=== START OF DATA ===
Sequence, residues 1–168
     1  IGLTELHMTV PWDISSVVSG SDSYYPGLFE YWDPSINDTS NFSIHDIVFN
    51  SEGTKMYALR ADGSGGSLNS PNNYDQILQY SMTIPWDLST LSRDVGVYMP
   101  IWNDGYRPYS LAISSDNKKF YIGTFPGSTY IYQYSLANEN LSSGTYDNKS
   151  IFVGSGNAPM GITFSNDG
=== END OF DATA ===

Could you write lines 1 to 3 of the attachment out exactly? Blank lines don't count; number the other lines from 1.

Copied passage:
Sequence, residues 1–168
     1  IGLTELHMTV PWDISSVVSG SDSYYPGLFE YWDPSINDTS NFSIHDIVFN
    51  SEGTKMYALR ADGSGGSLNS PNNYDQILQY SMTIPWDLST LSRDVGVYMP